DALLAS — Dallas County District Judge Craig Smith agreed Monday to a one-week delay in deciding whether the Dallas suburb of Irving can issue up to $200 million of revenue bonds for an entertainment center near Dallas-Fort Worth International Airport.
The delay was sought by lawyers for Irving Taxpayers Opposed to Illegal and Wasteful Use of Tax Money, a group against the proposed project.
Smith said he would like to conclude the case early next week because a longer delay could interfere with the city’s plan to issue some project debt as taxable Build America Bonds.
The stimulus bond program is set to expire at the end of 2010.
Irving officials want to build the entertainment venue next to the bond-financed Irving Convention Center in the Las Colinas residential and commercial development.
The city said without BABs, the project would not be viable.
The bonds would be supported by a 2% hotel occupancy tax and taxes on parking and tickets at the venue, which were approved by voters in 2007. City and state mixed-drink taxes generated at the site would also support the debt.
Irving’s financial plan calls for the hotel tax to provide 21% of the total debt financing, with the parking tax contributing 27%. The other sources include 15% from the ticket tax, 14% from the alcohol tax, and 3% from rent on the facility.
The total cost is set at $250 million, with $50 million coming from Las Colinas Group, the operator.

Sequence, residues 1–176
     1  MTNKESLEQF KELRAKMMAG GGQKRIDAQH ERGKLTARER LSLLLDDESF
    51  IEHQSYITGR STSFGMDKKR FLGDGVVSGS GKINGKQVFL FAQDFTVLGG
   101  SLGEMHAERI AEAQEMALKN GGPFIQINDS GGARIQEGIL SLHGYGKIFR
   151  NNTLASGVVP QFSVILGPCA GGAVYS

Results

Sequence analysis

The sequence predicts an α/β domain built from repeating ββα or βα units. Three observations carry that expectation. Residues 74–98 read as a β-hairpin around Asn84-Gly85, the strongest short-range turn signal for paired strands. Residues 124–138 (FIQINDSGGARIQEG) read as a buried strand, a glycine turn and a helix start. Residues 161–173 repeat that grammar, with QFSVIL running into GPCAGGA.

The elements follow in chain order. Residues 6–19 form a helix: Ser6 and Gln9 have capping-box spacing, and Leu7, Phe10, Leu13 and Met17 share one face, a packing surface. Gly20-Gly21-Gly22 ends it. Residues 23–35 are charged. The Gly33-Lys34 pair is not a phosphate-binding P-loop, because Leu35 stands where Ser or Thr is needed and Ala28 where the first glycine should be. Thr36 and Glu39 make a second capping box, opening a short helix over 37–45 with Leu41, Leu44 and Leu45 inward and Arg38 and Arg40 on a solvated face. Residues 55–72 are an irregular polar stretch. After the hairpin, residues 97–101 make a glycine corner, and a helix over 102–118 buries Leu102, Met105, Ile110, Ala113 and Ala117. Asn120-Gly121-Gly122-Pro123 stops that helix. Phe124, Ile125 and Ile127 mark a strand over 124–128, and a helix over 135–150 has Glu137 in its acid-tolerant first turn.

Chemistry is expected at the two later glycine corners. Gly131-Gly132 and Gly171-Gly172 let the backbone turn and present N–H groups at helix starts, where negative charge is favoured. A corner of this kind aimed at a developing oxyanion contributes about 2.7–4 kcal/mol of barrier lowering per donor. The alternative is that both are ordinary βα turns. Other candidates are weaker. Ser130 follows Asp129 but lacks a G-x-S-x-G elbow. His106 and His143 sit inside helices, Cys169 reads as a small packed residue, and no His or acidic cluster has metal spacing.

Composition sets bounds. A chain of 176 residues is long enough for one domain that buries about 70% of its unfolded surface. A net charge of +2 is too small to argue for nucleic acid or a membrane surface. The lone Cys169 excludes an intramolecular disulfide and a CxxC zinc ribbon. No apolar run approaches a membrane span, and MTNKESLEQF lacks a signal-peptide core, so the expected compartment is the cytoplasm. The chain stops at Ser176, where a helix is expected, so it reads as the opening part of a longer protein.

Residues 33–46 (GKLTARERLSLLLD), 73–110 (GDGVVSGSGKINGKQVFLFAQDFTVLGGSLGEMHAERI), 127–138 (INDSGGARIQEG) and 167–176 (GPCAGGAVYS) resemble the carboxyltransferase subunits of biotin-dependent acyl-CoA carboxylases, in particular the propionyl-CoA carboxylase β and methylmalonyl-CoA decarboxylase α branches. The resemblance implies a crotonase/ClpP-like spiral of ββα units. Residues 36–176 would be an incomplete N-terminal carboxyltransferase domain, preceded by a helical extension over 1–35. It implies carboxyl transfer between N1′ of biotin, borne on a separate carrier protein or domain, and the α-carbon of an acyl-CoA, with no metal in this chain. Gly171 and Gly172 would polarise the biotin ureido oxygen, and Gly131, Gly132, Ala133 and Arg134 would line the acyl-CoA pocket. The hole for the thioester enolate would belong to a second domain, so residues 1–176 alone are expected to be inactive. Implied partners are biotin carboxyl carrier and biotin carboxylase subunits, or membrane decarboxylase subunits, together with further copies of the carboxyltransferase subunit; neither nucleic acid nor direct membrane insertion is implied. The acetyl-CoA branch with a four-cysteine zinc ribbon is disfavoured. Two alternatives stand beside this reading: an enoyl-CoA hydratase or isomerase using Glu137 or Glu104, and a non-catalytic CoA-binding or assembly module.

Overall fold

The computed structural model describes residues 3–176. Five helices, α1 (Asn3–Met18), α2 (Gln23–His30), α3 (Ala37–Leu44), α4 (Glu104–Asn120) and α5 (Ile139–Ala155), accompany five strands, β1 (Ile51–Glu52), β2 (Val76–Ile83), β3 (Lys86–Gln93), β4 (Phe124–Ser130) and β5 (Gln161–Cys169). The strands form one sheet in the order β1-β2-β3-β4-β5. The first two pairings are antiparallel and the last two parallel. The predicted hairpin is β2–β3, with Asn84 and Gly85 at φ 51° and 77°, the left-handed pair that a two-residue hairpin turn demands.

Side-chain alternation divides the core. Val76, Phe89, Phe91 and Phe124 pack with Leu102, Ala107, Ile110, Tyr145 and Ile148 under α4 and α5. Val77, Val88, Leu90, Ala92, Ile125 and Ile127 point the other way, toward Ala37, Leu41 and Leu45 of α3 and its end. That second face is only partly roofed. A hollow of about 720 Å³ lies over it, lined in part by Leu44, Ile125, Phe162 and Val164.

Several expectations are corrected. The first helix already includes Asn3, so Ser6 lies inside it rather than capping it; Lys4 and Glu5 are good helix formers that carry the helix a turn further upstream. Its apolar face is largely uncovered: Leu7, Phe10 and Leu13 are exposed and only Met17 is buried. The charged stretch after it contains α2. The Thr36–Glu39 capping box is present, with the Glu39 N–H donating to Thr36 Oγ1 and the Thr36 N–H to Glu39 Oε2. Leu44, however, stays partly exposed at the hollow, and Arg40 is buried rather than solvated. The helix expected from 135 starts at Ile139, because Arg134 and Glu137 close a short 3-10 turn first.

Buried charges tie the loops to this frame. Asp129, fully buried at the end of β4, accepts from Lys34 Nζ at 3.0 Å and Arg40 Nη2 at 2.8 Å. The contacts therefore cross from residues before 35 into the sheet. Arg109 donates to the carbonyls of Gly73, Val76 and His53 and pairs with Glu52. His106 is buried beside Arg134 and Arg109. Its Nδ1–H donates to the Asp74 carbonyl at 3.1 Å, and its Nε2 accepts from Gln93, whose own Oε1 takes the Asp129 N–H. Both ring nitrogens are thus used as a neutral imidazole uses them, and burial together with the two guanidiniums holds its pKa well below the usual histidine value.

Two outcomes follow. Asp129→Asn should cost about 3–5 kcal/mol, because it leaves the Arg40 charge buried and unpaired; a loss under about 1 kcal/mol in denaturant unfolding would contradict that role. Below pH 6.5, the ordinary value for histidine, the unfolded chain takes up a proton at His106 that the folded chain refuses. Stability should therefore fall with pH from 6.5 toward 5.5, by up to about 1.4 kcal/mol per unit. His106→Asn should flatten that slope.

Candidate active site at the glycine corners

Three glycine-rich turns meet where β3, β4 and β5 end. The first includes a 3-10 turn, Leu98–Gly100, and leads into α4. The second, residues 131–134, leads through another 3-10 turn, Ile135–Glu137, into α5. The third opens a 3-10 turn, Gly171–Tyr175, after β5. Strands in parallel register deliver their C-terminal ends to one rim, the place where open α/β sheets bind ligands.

If the financing is approved by the court, the city hopes to complete the project in 2012.
The City Council voted in late August to seek a ruling from the district judge rather than the Texas attorney general on whether the bonds could be legally issued.
The developers of the proposed project and others joined the case last week in support of Irving.
A group of citizens, led by former Mayor Joe Putnam, joined the case on Friday to challenge the city’s contention that the bonds are legally supported by the available revenue.
Jim Harris, an attorney representing the opponents, said in his opening statements on Monday that Irving cannot use its hotel tax to fund the entertainment center because voters were told in 2007 that the revenues would be used only for the convention center, which will be completed soon.
“Cities can do stupid things,” Harris said at Monday’s hearing. “They just can’t do illegal things.”
Attorneys for the city said Harris was being paid by Anschutz Entertainment Group, which owns a concert venue in nearby Grand Prairie that would compete with the Irving facility. Harris denied the connection, though he has represented Anschutz in other cases.
Irving’s general obligation rating is triple-A by Standard & Poor’s and Moody’s Investors Service, but bonds backed by the hotel tax have been rated A-minus by Standard & Poor’s.